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In a move that has drawn sharp criticism from environmental groups, on May 15 the U.S. House passed the National Defense Authorization Act (H.R. 1735) that included an amendment that would de-list the Lesser Prairie-Chicken as a threatened species. The amendment, authored by Oklahoma Rep. Frank Lucas, passed in a 229-190 vote and would bar Endangered Species Act protection for both the Lesser Prairie-Chicken and the American Burying Beetle for at least five years.
This comes on the heels of the release of a report by the Western Association of Fish and Wildlife Agencies (WAFWA) estimating an increase in the Lesser Prairie-Chicken population of 20 percent or around 22,400 birds and the amount of the bird’s habit that is impacted by industry development has decreased 23 percent. In addition, industry partners committed $45.9 million in fees to pay for mitigation efforts and landowners across the range agreed to conserve nearly 40,000 acres of habitat.
The report, which was submitted to the U.S. Fish and Wildlife Service (USFWS) in April, is the first annual report detailing achievements under the Lesser Prairie-Chicken (LPC) Range-wide Conservation Plan (RWP). The RWP was developed in partnership with Colorado, Kansas, New Mexico, Oklahoma and Texas to increase the population of the Lesser Prairie-Chicken through voluntary conservation efforts.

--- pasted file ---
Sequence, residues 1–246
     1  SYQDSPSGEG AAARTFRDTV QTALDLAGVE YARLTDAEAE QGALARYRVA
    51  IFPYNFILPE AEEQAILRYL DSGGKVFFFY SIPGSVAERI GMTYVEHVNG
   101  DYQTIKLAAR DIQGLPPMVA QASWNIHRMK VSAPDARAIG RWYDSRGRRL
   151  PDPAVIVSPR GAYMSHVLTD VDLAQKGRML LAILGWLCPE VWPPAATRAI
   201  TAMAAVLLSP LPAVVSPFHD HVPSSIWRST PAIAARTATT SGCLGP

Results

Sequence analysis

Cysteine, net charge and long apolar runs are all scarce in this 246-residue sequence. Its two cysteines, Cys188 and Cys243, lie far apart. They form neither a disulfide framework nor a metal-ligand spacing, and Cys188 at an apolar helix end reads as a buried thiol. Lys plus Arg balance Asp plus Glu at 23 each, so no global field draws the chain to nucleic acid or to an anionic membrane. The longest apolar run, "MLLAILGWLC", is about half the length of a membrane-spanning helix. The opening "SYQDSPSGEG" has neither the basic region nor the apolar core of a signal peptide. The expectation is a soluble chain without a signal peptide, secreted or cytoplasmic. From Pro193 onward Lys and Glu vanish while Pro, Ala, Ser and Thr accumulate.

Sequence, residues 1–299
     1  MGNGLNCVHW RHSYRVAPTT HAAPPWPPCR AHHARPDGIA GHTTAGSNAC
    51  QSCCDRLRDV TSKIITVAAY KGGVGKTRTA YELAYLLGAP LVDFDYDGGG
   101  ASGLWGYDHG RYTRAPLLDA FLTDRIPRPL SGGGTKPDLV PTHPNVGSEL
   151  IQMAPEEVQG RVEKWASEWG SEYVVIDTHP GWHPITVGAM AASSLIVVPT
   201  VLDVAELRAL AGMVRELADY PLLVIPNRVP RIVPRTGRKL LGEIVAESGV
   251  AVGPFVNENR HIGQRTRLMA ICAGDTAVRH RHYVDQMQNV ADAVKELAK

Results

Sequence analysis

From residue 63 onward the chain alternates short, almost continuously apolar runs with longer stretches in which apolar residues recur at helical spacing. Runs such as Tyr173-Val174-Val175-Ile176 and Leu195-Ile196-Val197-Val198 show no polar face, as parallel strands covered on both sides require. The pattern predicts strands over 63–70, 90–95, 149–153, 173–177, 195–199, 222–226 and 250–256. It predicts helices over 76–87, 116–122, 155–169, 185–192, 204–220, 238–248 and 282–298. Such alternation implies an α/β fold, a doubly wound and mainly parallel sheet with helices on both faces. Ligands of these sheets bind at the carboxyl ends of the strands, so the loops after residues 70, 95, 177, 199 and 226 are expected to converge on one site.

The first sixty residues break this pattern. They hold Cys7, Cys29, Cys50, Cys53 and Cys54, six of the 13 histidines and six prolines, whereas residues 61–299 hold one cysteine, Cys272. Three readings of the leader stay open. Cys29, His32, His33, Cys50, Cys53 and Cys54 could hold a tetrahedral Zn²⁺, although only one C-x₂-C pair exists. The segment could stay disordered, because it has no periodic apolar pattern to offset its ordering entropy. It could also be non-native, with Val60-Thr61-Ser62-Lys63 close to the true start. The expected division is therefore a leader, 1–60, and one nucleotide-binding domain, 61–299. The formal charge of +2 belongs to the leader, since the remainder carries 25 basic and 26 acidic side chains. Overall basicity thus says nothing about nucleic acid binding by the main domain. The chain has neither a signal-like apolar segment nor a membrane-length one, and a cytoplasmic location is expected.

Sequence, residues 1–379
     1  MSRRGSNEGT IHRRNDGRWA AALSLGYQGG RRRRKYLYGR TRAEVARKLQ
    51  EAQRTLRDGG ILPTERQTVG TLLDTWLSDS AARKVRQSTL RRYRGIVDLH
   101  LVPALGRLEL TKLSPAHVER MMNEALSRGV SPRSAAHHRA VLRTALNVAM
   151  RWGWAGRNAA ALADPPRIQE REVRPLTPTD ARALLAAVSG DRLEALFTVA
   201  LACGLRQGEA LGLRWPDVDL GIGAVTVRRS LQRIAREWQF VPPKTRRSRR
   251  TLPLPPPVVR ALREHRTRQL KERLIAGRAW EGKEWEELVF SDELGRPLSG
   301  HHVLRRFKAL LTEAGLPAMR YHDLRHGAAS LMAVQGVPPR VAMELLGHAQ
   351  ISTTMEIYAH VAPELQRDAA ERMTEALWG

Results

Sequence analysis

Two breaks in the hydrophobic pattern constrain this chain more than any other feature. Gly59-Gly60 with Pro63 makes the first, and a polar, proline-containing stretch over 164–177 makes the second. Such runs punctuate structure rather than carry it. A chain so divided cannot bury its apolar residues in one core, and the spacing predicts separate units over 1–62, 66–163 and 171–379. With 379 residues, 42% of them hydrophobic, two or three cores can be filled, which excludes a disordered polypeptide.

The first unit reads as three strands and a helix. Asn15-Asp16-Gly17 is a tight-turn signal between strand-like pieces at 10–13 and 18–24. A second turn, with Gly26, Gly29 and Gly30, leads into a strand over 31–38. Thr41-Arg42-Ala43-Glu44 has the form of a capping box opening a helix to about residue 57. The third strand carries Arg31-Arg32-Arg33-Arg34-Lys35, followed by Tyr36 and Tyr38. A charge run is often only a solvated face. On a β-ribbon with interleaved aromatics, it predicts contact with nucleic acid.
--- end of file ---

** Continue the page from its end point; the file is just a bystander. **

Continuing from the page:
“The results from the first year of RWP implementation clearly demonstrate that both industry and landowners are willing to conserve the species,” said Bill Van Pelt, WAFWA’s grassland coordinator.
Rep. Lucas says his amendment was designed to remove regulatory hurdles for military training operations looking to develop projects that would affect the species’ habitat.
“This amendment ensures our military may continue to operate on its own schedule, rather than waiting on approval from an agency bureaucrat,” Lucas said.
In a statement against the amendment, the Center for Biological Diversity called Rep. Lucas’ claims fraudulent, as the current range of the Lesser Prairie-Chicken does not overlap with any U.S. military bases and the Defense Department has been a partner in conserving the American Burying Beetle since 1989.
“This partisan vote isn’t about military readiness. It’s about the deep antipathy that most Republicans now direct at endangered species, especially those that get in the way of the oil and gas industry,” said Brett Hartl, endangered species policy director at the Center for Biological Diversity. “Republicans know that the overwhelming majority of Americans support the Endangered Species Act, so now they are trying to sidestep the Act and science and throw the less well-known species off the ark in the dead of night. Condemning a species to extinction under the pretense of supporting the military is a travesty.”
The measure still has to clear the Senate and be signed by the President who has already threatened to veto the bill in part due to its inclusion of “nongermane provisions.”